My first taste of Uighurian food when I was in Yiwu, China on my recent work trip made me hungry for more of this unique cuisine from the Xinjiang province in the country’s remote western frontier. There are a few restaurants around Chinatown specialising in this cuisine, all of which I have put on my wishlist. The first one ticked off this list is probably the better known out of all of them and is appropriately named Uighur Cuisine.
Tucked away on Dixon Street north away from the bustling restaurant-lined mall a block to the south, the restaurants decor consists of earth-tone walls displaying over-sized prints of festive scenes, traditional musical instruments and a lovely mock-up of red and green grapes dangling from the ceiling. Something to make us feel as if we’re back in the home country. The menu is easy to decipher with its pictures and brief descriptions and for $450 you can pre-order a whole lamb and have it cooked for your next celebration.
There’s a lot here I want to try and with just the two of us, there may be a problem if too much is ordered. I hate to waste food and I’m not that big on having it wrapped for home so were a bit selective in our choices. I really wanted to try the fried dumplings but Mr K somehow convinced me to go with the samsa (10), a little pastry pie containing a simple mix of finely diced lamb and onion … perhaps a little pepper. The pastry is quite thin and soft yet slightly doughy under the golden crust and the filling carries no other flavourings so the table caddy of dark soy and black vinegar comes in very handy. A few splodges from these little bottles brings the samsa to life.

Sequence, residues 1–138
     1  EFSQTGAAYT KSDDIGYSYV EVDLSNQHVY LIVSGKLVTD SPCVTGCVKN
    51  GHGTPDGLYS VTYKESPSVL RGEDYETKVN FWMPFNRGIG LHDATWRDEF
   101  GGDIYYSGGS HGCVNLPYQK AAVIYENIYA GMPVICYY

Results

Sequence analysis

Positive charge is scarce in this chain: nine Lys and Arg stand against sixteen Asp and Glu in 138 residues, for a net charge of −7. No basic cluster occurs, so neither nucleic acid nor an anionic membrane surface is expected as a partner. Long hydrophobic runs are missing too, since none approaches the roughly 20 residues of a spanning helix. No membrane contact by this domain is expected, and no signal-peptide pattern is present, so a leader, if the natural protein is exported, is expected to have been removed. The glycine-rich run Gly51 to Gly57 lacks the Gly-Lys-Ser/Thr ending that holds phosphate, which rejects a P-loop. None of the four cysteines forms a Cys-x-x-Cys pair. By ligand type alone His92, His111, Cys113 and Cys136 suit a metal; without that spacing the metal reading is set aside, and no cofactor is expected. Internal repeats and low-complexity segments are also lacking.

I couldn’t help but order the piyaz posh kal (5) as it sounded very similar to the delicious onion cake I had in Yiwu. Sadly there was no comparison. The thin roti-style pastry was soaked with oil and didn’t go down too well with either of us.
The koy gosh kawapi (10) comes out on minature flat metal swords and is the definite highlight of the lunch. The meat is charred, sprinkled with red pepper powder, some seasoning and a herb called zir. The meat is truly delicious and aside from a couple of pieces of fat and gristle it is mostly tender. The peppery heat marries well with the charred flavour of the meat.
We were on the verge of fullness from all the food but I just had to try the yangak samsa (10), a flakey pastry ball scantly filled with sweet walnuts and raisins. The pastry is thick and very firm and hardened as it cooled, so much so the two remaining ones were as hard as a rock and ended up uneaten. Being heated in the microwave had someting to do with it. Loved the filling though.
Next time I’ll definitely try one of the noodle dishes, the dumplings and perhaps even the tongue.